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Physical Fitness

What does being fit entail? It is not easy to find a discrete definition. The definition of fitness in the dictionary is “the characteristic or state of being fit.” (1) (The term “fit” is defined as “sound both mentally and physically “) (2) You’re not alone if you thought those words were a little ambiguous.

And according to specialists in exercise, that’s the point. Fitness need not entail becoming an ultra-marathoner or being able to do one or a hundred pull-ups. For many people, fitness might mean different things.

Physical therapist and certified strength and conditioning specialist Grayson Wickham, creator of the mobility and movement company Movement Vault, says, “For me, fitness is first and foremost about feeling good and being able to move without discomfort.” Proper fitness, according to him, is about feeling well and being in good enough form to engage in the activities you enjoy and lead the lifestyle you desire. Can you have fun with your children or grandchildren? Can you hike the Inca Trail if it’s on your bucket list? Do you feel nice after working in the garden all day? Can you climb all the steps you need in your life without going out of breath or stopping to rest?

According to the American College of Sports Medicine, experts have traditionally identified five essential elements of physical fitness: body composition (the proportion of fat and fat-free tissue in the body), cardiorespiratory or aerobic fitness, flexibility, muscular strength, and muscular endurance. The deputy chief of staff at the Edward Hines Jr. VA Hospital in Hines, Illinois, Jeffrey E. Oken, MD, argues that you also can’t ignore the effects of diet, sleep, and mental and emotional health on fitness.

That implies that just because you appear fit, you may not be.

Some people are driven by poor self-esteem to concentrate on their looks and numbers while pointing out their flaws. Some people forego sleep and rest to advance their careers, but this can cause their bodies to become ill or burn out, according to Jonesco. According to the author, fitness is a natural spectrum of physical well-being that must balance our emotional and physical drives.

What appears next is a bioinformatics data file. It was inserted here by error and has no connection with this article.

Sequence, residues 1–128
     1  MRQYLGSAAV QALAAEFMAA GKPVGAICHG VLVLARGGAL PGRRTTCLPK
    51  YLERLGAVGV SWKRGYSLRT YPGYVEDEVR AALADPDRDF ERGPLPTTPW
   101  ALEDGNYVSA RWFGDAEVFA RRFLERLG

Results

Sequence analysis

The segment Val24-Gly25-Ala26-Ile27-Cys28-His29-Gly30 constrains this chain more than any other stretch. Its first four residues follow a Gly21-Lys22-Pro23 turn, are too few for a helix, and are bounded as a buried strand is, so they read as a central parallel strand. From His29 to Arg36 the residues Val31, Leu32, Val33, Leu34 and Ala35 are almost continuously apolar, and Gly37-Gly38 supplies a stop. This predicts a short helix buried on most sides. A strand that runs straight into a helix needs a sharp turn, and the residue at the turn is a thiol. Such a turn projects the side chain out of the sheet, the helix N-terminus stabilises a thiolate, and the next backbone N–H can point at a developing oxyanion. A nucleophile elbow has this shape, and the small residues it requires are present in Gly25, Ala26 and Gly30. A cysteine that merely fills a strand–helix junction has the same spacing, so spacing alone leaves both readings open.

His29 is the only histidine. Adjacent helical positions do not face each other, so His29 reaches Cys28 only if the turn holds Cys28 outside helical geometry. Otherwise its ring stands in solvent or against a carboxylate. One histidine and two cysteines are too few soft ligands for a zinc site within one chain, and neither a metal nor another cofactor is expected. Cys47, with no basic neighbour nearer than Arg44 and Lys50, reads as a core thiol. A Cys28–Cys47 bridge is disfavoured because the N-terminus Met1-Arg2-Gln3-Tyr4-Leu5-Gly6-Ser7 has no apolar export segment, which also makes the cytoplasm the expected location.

We gain the most when all aspects of fitness are balanced, both physically and mentally.

The Anxiety of Stress

Respondents placed managing a sickness or condition and “stressing about my life” as the two most significant wellness issues, with mental health and poor self-esteem coming in last on the list. The poll respondents ranked having financial security as the highest priority and fulfilling and healthy sex life as the lowest value when ranking factors influencing wellness aspirations.

Respondents were asked to list the issues currently hurting their wellness. The top three responses were weight, body mass index, waist circumference (51 percent), and stress and anxiety (50 percent). On the other end of the range, respondents expressed less worry about other people’s perceptions (14%) and health issues (23%).

The ranking of wellness difficulties revealed that “stressing about my life” was the top, second, or third most significant wellness challenge for 80% of those who claimed it was a challenge. Concerns about money and cancer also bring on stress and worry.

Stress and worry about life, in general, are pervasive. But we are all aware that tension will never go away. How might stress be used to our advantage rather than a disadvantage? “How do I deal with stress?” is the most critical question women should ask themselves, according to Mikhail Varshavski, DO (aka Doctor Mike), a family medicine specialist from New York who will join the staff of the Atlantic Health System Overlook Medical Center in Summit, New Jersey, in January. It’s time to flip the tables if you perceive stress as your enemy and see if you can begin to see stress as your ally. According to him, making this small change can significantly enhance wellness.

What is Dr. Mike’s go-to advice for seeing stress more favorably? “Setting aside time each day for yourself to spend time thinking is what’s most crucial. This doesn’t have to be sitting cross-legged with your thumbs and forefingers touching; it might just be some quiet time to reflect and make some realistic goals.” These routine check-ins, according to him, are a terrific approach to reset and start to view stress from a different perspective. (Doctor Mike also enjoys prescribing to his patients to “take a walk, once daily.”)